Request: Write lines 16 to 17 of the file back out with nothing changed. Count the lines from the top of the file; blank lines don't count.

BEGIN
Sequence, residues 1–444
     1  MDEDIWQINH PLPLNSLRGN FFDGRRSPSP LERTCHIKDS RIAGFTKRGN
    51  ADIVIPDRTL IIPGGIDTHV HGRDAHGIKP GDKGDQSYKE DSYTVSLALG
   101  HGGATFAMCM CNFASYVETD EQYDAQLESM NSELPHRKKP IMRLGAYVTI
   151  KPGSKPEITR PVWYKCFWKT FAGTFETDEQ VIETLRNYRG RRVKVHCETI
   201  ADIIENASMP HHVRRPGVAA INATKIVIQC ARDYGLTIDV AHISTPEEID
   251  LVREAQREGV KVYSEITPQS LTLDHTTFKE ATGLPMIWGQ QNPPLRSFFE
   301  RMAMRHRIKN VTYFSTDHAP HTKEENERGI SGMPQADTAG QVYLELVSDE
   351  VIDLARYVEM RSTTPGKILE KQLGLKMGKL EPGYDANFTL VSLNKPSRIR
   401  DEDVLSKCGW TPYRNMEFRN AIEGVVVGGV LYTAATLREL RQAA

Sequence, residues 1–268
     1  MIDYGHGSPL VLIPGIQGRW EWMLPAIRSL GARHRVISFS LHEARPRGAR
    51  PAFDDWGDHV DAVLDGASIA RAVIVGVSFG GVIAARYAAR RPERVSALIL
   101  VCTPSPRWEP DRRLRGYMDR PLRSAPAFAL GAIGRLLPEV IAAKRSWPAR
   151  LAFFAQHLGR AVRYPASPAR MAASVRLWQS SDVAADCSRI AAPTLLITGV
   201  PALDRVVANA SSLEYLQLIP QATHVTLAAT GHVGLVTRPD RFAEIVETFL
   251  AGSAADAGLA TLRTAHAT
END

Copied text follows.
   201  PALDRVVANA SSLEYLQLIP QATHVTLAAT GHVGLVTRPD RFAEIVETFL
   251  AGSAADAGLA TLRTAHAT